Page:Stevenson - Treasure Island.djvu/295

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281
The Fall of a Chieftain.

squire to guard the captain, had taken Gray and the maroon and started, making the diagonal across the island to be at hand beside the pine. Soon, however, he saw that our party had the start of him; and Ben Gunn, being fleet of foot, had been dispatched in front to do his best alone. Then it had occurred to him to work upon the superstitions of his former shipmates; and he was so far successful that Gray and the doctor had come up and were already ambushed before the arrival of the treasure-hunters.

"Ah," said Silver, "it were fortunate for me that I had Hawkins here. You would have let old John be cut to bits, and never given it a thought, doctor."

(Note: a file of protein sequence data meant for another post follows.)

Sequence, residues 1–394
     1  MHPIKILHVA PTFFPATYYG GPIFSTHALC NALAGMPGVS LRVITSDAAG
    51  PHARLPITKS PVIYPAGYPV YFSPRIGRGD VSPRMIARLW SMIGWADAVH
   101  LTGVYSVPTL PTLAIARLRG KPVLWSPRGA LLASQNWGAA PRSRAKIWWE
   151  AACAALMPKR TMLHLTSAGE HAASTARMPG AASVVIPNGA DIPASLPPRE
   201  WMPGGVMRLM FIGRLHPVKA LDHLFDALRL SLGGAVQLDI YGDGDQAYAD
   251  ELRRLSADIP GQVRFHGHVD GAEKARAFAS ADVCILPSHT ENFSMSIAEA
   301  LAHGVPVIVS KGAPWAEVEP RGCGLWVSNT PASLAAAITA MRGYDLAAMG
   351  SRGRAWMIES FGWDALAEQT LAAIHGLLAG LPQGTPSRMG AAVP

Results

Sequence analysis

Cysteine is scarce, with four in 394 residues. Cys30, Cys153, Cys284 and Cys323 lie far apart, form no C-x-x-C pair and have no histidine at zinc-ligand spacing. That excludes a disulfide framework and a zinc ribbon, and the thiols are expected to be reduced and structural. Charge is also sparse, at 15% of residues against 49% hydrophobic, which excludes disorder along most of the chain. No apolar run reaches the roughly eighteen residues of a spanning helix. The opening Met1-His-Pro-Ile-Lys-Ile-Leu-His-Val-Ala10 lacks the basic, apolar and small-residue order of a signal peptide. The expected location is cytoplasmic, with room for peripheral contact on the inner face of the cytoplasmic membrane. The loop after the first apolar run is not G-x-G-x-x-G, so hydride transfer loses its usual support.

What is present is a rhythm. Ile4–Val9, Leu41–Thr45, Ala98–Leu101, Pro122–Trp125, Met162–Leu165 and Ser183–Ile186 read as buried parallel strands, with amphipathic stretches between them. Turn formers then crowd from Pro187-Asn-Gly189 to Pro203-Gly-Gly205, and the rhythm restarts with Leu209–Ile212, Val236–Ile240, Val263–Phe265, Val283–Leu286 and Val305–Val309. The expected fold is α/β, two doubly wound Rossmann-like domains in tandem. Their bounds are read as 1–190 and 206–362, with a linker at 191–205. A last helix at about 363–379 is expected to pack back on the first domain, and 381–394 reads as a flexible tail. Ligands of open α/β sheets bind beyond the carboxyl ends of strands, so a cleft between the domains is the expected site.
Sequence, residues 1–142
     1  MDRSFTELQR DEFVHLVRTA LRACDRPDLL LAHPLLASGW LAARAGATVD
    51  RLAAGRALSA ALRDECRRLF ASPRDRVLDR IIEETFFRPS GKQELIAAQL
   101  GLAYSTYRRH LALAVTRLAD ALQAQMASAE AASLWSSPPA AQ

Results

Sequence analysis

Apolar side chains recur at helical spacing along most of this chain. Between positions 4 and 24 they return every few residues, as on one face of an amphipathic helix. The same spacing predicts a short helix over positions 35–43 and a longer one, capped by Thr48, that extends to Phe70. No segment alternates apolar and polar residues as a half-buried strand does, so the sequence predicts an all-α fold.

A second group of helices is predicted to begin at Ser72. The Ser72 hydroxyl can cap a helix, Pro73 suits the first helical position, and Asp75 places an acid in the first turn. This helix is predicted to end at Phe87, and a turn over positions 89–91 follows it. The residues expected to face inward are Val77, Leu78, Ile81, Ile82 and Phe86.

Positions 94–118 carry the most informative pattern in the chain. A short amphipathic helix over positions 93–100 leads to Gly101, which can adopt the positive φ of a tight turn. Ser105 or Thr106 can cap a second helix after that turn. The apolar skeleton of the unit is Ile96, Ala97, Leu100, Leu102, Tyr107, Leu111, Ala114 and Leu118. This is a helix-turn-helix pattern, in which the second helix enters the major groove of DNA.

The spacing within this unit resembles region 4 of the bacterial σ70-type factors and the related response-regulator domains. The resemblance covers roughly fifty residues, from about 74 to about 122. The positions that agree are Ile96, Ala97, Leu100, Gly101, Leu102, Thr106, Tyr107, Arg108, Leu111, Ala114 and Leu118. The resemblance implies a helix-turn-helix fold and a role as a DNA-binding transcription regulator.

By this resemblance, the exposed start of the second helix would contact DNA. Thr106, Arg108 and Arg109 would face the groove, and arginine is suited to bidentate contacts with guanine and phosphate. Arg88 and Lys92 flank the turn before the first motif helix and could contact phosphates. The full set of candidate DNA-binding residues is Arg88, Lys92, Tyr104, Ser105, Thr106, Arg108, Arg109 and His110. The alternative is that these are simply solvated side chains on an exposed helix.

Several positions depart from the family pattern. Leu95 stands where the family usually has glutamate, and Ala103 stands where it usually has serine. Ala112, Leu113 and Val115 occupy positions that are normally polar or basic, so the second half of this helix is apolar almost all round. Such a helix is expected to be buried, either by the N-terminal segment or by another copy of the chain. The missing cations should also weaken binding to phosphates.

"Not a thought," replied Dr. Livesey, cheerily.

And by this time we had reached the gigs. The doctor, with the pickaxe, demolished one of them, and then we all got aboard the other and set out to go round by sea for North Inlet.

This was a run of eight or nine miles. Silver, though he was almost killed already with fatigue, was set to an oar, like the rest of us, and we were soon skimming swiftly over a smooth sea. Soon we passed out of the straits and doubled the south-east corner of the island, round which, four days ago, we had towed the Hispaniola.

As we passed the two-pointed hill, we could see the black mouth of Ben Gunn's cave and a figure standing by it, leaning on a musket. It was the squire; and